Permissive parents eventually blow up at their kids because they can't handle all of the demands the child is putting on the parents and therefore they become more controlling, but because it is too hard to maintain that control and therefore they go right back to giving in to their child's demands.

Permissive parenting is in my opinion the lazy way to parent. These parents don't want to take the time or the energy to discipline their kids because it is inconvenient for them, or they are too busy trying to be their kids best friend, or they are too involved in their own life and wants to put their kids needs above their own. Often times these parents just don't want to be the bad guy, but because they are not teaching their kids that life is full of disappointments and it isn't always fun and games they are actually becoming the bad guy.

We all know someone who is a permissive parent, I personally know several of them, the question is are you a permissive parent? If you are still unsure if this is you test yourself: do not do anything different with your kids than you normally do throughout the day and as you interact with your child watch how you react to their demands and watch how they react to your demands - do you find yourself giving in to their demands more than they are giving in to yours. Still unsure? Ask someone close to you who you can trust to be honest with you and ask their opinion or leave a comment and tell me about your day to day life with your kids and I will help you.

Sunday, January 9, 2011

What kind of parent are you?

First I want to start off by saying that there is no such thing as a perfect parent! All parents make mistakes because it is a day to day learning process. However, with that being said there is such a thing as a Bad parent and an Amazing parent.

At some point in a parent's life they chose to bring a child into their life, whether it is was from making a baby or from adopting a baby, a choice was made to give a child a life. Depending on the circumstances of how that decision was made, the parent's attitudes are going to be very different. For example, if a couple wants to have children but after going through months to years of tests to try to create their own child and are only met with failures so they choose to adopt a child, those parents are going to have their own set of emotions and attitudes towards that child as opposed to a couple who decides to try to make a baby and the next month the woman is pregnant and nine beautiful months later their child is laid in the mother's arms. And then you have the parents who spend a night of lovemaking and four weeks later find out that, oops they are having a baby and now what!!! No matter how the child comes into a parent's life there was at some point a choice made to raise that child.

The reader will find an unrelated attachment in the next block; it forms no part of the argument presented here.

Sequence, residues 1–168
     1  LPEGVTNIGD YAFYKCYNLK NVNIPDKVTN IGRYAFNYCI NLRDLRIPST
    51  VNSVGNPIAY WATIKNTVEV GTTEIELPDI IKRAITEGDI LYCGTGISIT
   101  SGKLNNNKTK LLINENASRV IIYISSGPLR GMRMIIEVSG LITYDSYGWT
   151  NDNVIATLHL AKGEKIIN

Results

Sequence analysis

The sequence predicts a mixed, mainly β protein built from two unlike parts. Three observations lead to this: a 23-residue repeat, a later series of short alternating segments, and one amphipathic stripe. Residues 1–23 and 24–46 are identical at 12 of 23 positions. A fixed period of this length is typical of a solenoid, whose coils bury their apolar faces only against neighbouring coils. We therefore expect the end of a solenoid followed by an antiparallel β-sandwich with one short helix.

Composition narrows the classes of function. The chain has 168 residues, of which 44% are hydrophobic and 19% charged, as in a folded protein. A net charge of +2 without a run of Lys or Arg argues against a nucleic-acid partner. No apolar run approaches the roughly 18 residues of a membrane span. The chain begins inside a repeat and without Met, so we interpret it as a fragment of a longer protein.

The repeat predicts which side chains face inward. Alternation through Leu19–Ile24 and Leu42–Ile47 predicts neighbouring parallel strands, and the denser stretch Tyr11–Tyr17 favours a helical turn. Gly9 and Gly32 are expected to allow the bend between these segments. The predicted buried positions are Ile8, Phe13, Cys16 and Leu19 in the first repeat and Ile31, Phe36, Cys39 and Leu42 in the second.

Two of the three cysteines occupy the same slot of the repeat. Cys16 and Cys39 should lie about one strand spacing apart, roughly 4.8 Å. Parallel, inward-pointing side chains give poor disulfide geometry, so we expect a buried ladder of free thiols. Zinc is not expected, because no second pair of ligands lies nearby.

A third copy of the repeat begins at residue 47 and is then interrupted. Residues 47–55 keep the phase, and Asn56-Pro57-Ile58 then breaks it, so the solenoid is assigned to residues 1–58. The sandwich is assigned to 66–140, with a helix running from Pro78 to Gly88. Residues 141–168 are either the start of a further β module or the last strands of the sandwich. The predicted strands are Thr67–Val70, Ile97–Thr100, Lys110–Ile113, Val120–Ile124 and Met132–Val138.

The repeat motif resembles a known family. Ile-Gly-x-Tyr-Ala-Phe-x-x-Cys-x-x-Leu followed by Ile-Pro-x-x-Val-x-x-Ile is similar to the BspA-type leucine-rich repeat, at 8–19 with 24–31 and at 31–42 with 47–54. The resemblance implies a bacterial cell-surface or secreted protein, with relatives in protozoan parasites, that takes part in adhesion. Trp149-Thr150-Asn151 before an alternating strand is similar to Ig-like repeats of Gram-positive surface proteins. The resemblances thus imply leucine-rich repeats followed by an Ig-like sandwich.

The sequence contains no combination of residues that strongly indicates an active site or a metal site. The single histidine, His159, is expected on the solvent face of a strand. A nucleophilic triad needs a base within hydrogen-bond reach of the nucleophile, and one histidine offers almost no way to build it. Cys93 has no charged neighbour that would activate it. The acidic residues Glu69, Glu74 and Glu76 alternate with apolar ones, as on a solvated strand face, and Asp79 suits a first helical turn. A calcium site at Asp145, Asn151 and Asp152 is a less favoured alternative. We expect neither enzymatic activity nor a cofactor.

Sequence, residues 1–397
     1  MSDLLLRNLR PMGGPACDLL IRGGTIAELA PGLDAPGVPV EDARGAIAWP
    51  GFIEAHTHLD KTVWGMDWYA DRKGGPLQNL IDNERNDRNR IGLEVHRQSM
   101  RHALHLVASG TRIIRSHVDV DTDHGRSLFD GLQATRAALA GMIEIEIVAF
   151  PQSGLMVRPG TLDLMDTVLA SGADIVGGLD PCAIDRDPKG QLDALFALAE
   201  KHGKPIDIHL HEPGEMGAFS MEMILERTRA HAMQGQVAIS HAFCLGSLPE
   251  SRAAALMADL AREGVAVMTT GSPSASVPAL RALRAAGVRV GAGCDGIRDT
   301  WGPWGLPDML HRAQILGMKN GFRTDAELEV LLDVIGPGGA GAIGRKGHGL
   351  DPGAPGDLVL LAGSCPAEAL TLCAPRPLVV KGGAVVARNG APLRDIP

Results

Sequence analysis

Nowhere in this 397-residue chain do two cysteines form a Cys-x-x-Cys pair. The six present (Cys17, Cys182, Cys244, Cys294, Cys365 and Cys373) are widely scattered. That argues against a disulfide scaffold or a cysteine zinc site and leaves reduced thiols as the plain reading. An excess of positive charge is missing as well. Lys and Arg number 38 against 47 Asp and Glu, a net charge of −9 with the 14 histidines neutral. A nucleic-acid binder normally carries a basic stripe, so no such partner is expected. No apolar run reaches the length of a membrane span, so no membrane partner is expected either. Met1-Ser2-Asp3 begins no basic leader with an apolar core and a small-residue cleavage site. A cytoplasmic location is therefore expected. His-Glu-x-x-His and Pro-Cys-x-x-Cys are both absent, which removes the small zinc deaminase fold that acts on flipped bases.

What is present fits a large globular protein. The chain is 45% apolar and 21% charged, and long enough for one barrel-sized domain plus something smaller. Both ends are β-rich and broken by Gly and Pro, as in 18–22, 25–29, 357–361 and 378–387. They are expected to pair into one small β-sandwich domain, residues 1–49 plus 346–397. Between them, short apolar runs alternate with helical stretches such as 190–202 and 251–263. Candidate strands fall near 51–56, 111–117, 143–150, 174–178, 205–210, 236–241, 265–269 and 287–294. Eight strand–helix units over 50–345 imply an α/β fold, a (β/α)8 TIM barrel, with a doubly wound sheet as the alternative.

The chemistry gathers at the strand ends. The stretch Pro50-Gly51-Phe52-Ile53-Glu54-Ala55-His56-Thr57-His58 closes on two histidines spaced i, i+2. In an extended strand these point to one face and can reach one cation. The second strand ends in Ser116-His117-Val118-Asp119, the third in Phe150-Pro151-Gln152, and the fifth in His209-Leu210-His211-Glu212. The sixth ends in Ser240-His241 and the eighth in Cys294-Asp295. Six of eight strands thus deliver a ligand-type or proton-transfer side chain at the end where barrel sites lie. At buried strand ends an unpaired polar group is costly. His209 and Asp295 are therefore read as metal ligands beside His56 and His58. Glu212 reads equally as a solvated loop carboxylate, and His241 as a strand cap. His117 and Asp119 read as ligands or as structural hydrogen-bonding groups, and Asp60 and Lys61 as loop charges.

Not everyone who makes a baby is a parent, some of them choose to abort the baby, some of them choose to give the baby up for adoption, some of them choose to raise the child on their own and the other person becomes only the egg/sperm donor for that child. A parent is a person who chooses to keep (or adopt) their child, to take care of all of that child's emotional, physical, and spiritual needs and chooses to devote their life to that individual child. It is how well a parent takes care of their child's needs and wants and their attitude towards their child that determines whether or not they are a good or bad parent.

Ultimately there are three types of parents: Permissive, Authoritative and Authoritarian. Only one of these parenting types is a "good parent" while the other two create more problems in a child's life than they do anything else. I will explore each of these parenting styles with you throughout the week and at the end of the week it is my hope that you will know what type is the "good parent" and what types are the "bad parents."